In Switzerland, the redrawing of diocesan boundaries by the state in the early 19th century made standardization necessary, since in many cases peoples coming from various dioceses with their own hymn traditions now belonged to the same diocese. Because in 1958 the Swiss Catholics bishops had authorized work to begin on their own national hymnal, and because so much work had already been done by 1963, the Swiss decided not to become part of the Austrian-German Gotteslob. By 1978, the Katholisches Gesang- und Gebetbuch der Schweiz (“Congregational Hymnal. Catholic Hymnal and Prayer Book of Switzerland”) had about 100 hymns in common with the German-Austrian Gotteslob. And then, things went in a surprising direction. The next official Swiss hymnal of 1998, Katholische Gesangbuch (“Catholic Hymnal”) contained many hymns from Gotteslob, but it also had no fewer than 238 songs, including 153 strophic hymns, in common with the hymnal of the Swiss Reformed church that appeared at the same time. This was a strong move in the direction of ecumenical standardization.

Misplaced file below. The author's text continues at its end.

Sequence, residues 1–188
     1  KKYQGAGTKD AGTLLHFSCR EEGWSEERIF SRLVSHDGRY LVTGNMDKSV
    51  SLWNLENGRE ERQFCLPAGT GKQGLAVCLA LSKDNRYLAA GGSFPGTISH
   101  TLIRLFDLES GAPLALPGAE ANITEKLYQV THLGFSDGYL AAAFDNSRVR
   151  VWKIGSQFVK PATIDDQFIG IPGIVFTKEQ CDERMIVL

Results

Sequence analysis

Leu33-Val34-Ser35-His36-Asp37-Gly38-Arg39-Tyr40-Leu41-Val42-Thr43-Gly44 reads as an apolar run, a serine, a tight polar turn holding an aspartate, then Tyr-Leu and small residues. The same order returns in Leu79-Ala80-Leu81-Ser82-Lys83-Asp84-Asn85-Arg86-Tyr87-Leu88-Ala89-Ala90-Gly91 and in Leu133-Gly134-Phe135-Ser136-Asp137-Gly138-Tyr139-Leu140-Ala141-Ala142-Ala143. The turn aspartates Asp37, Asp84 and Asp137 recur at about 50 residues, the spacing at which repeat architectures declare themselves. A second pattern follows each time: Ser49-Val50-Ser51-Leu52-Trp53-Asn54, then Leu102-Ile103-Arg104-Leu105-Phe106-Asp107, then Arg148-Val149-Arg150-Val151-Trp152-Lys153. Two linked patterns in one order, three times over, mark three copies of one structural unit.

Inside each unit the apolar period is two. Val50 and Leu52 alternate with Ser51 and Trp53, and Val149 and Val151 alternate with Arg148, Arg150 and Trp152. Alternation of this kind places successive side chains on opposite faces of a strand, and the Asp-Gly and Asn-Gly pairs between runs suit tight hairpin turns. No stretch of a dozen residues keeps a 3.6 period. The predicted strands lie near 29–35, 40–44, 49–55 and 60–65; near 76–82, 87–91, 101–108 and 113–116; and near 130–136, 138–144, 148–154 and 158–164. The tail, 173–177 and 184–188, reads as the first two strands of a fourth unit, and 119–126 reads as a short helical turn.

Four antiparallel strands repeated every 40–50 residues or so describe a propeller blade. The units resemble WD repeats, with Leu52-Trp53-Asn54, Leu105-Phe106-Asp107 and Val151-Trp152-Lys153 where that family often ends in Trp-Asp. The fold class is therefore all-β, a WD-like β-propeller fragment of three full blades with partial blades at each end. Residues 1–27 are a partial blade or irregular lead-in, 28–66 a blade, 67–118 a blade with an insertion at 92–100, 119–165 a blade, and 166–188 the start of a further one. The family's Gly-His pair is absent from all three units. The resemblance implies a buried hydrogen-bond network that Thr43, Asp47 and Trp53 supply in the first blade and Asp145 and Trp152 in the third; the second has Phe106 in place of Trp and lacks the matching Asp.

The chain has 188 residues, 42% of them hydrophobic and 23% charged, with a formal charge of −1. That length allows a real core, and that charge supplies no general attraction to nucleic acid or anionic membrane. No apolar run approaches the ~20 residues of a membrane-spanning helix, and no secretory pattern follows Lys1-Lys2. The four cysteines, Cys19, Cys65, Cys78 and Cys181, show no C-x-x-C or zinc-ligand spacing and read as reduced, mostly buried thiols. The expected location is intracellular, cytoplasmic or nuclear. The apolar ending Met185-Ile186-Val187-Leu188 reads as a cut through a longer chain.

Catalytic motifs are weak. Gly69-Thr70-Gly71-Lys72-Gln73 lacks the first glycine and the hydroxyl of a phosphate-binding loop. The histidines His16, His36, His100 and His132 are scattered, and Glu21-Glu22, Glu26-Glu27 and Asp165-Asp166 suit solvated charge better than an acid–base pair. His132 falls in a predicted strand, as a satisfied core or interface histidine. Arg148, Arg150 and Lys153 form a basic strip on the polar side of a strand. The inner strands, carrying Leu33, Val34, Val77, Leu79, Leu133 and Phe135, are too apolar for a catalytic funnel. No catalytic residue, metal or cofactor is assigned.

Italy has little in the way of a national heritage of congregational hymnody. In the north, under Austrian influence, an Italian version of Empress Maria Theresa’s Mass hymns was introduced in 1783, Inni per la Messa. Litanie ed Orazioni giusta la normale di Vienna (“Hymns for Mass. Litanies and Prayers According to the Standardized Practice of Vienna”). This was unknown in the southern part of the country. With some exceptions from the north, congregational singing has not been strong in Italy over the centuries.
Thus it is a sort of “Copernican Revolution” that the official national repertoire Canti per la Liturgia, approved by the Italian bishops and the Vatican, was published in Italy in May, 2009. It has 384 hymns and songs for Mass, including Mass parts, refrains and antiphons, and strophic hymns. The 25 pieces for Lent are typical of the entire collection: there are two chant pieces from Solesmes and 4 melodies by historic composers (Bach, Crüger, Neumark und Decius), but everything else is from the 20th century. This is not so much because the Italians are particularly open to things new, but because there is little by way of a tradition of congregational hymnody to draw on. The old hymn tunes, one notes, are all by German Lutherans.